“Disabled children teach many people, change many people, and help people reflect upon themselves, which is why they are the educators of society.” – Pastor Jong-Rak Lee, The Drop Box
What if they are mentally disabled? Even if it was my kid, I wouldn’t want them to suffer. In that case, wouldn’t it be better to end it before it began?
So said the guy across from me in statistics class. We had been talking about abortion and why we believed it was or was not necessary or right. Disability was his reason for why abortion was needed.
They wouldn’t be able to find jobs, or support themselves. They might not even be able to do the basics of taking care of themselves. We would be paying so much money, putting in so much effort just for them just to keep living. And is that even really living for them, for anyone? We have the ability now to know if something like that is going to happen now before they’re born. Shouldn’t we be using that to our advantage? In a case like this, wouldn’t the best be just to abort?
I have several problems with his statement, and it’s not even about the issue of abortion. For one, I fail to see a direct correlation between disability and level of happiness or satisfaction in life. Second, I believe it is an incredible error to assume so generally that those with disabilities are incapable of achievement or making a life for themselves. Finally, my last problem with his statement is that it implies that those that are disabled, are inconveniences.
It is more than possible to be disabled and depressed, emotionally or circumstantially. Many who are homeless are also impaired, whether physically or mentally. Many kids that fall behind in school are disabled in some way or another. But that does not necessarily indicate that disability inherently causes a lesser quality of life. Rather, I think the cause often actually sits most directly on the rest of us, because we often sorely underestimate how much the disabled can do and achieve. It is the rest of us that forget or figure it is simply not worth it to make sure that the disabled are included, whether in education at schools or the workplace. We deem them not efficient or economically valuable enough to accommodate for. We decide that they are not equal, and not worthy of looking out for.
So here we find an outlook that is sorely in need of revision. And at this point it’s not even about abortion. When it comes down to it, it centers upon what we define as a disability, and why we attach stigma to it. It comes down to whom we define as human, as who is worth treating as such.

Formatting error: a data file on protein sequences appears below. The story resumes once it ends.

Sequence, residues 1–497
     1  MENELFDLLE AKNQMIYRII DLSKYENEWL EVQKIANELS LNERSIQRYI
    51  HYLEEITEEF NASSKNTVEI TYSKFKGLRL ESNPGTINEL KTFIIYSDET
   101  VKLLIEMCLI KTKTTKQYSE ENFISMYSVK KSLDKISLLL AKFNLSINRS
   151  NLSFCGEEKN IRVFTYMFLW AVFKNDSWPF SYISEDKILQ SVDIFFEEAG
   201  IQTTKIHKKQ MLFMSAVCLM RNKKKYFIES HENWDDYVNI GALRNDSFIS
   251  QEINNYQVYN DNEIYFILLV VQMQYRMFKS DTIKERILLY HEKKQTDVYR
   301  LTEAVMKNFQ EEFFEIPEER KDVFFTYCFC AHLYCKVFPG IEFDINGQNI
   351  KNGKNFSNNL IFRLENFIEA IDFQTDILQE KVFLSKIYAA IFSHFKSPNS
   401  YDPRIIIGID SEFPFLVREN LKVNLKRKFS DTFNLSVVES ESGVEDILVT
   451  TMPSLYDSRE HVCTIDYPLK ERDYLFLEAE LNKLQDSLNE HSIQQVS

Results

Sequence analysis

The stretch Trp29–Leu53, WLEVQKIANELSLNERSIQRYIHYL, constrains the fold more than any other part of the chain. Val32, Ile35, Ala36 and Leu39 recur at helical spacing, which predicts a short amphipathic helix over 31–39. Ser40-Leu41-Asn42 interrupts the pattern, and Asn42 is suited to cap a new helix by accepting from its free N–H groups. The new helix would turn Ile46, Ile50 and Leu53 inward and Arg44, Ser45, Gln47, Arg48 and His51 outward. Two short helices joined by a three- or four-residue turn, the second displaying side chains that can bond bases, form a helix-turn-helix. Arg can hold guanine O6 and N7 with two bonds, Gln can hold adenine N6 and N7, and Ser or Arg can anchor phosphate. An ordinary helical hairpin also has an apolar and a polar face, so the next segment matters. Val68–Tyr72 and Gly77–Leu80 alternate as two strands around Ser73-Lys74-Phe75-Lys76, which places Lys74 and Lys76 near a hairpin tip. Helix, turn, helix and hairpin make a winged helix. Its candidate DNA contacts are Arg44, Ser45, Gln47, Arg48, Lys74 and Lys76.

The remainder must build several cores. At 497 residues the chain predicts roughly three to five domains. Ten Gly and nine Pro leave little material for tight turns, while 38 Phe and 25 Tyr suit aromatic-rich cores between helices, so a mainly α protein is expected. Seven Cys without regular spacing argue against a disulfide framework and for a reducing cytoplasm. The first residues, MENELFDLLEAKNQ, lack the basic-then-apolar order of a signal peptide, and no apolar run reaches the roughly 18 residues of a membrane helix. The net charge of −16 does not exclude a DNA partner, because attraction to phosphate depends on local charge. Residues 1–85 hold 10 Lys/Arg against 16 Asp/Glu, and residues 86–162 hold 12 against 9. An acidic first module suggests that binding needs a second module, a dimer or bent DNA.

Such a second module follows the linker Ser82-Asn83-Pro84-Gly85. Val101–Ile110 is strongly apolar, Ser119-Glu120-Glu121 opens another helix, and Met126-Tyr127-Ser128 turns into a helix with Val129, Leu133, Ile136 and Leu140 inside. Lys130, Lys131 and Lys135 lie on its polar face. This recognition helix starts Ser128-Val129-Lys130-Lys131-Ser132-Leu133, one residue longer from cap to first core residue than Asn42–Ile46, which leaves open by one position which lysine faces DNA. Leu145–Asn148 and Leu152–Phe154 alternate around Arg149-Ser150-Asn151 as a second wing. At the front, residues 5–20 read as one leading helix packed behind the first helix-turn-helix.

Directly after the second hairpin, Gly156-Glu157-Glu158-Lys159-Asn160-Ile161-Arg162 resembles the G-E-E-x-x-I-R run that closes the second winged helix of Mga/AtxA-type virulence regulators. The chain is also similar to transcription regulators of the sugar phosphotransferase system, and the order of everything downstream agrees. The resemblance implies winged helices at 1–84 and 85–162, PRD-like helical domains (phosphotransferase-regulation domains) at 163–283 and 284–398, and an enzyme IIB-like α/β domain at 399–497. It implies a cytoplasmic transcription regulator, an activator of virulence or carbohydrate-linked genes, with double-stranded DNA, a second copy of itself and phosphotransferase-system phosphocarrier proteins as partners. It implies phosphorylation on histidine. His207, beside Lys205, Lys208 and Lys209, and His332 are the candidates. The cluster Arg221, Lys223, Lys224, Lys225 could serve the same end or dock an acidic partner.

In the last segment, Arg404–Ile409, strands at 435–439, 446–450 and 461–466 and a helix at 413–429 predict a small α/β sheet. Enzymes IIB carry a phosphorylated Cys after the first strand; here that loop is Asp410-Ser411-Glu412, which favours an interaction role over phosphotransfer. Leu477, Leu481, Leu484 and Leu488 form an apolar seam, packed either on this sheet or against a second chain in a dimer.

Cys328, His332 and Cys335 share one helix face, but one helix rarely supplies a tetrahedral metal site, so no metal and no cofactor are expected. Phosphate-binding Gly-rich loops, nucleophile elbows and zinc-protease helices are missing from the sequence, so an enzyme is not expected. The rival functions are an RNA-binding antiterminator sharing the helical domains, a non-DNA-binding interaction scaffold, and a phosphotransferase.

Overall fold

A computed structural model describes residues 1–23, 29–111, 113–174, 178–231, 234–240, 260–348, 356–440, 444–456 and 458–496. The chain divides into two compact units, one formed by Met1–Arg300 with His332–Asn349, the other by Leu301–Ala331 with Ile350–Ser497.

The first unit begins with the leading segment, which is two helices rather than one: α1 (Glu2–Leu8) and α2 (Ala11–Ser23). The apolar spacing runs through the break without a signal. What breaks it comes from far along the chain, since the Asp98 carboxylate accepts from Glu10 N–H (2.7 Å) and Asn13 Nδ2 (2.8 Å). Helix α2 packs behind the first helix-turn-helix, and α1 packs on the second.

Perhaps at its most basic, it comes down to what we value as wisdom or foolishness, important or insignificant. In the United States, we most often value productive, self-made individuals of society. We value the image of assertiveness and ambition, freedom and independence, and an intelligence and self-sufficiency. So when we encounter those that may be less able mentally or physically to achieve that ideal image of a member of society, they are considered disabled. And unless they prove themselves by some great feat or rise above their condition in a inspiring victory story, they are often counted as merely part man or woman, if accounted for at all. Perhaps we do not say it out loud. Perhaps we are not even aware of such bias inside of us. But the general tendency to avoid or omit conversations about disability, and our lack of attention towards accommodating and encouraging those we consider disabled say enough on their own.
Maybe, at the very roots, what needs to be changed is what we value. Perhaps what needs to be changed is the idea of what ‘getting far in life’ means to us, and what is truly important or worthy of value.
For example, the greatest argument I hear against the mentally disabled is that they often cannot make a living out of their lives. That, though, I think would depend on what you consider making a living.
Indeed what would happen if we valued a humble but happy life over one perpetually in pursuit of financial gain and the American Dream? What if we valued the simple things, like colors, smiles and laughing together over the need to stress about succeeding in business or outcompeting everyone else? What if we didn’t despise dependence, but allowed it to keep us transparent with one another?
“If more of us valued food and cheer and song above hoarded gold, it would be a merrier world” – The Hobbit
That doesn’t sound like a terrible world at all. Perhaps it might even be a better one. Instead of finding it odd or terrible that they cannot do certain things we value as productive or successful, what if we instead learned from those that are considered mentally impaired to value things that are most simple—that actually matter most to us at the end of the day? Successful productivity doesn’t necessarily equate to eternal significance anyhow. Unfortunately, we tend to find out that we had it all backwards and upside down only at the end of our lives.
So what then is of real value, or of the eternal significance that we should seek? And once we’ve figured that out, who then was the one who was truly impaired or disabled all along?
“Where is the wise person? Where is the teacher of the law? Where is the philosopher of this age? Has not God made foolish the wisdom of the world?…For the foolishness of God is wiser than human wisdom, and the weakness of God is stronger than human strength… Not many of you were wise by human standards; not many were influential; not many were of noble birth. But God chose the foolish things of the world to shame the wise; God chose the weak things of the world to shame the strong. God chose the lowly things of this world and the despised things—and the things that are not—to nullify the things that are, so that no one may boast before him.” – 1 Corinthians 1:20-27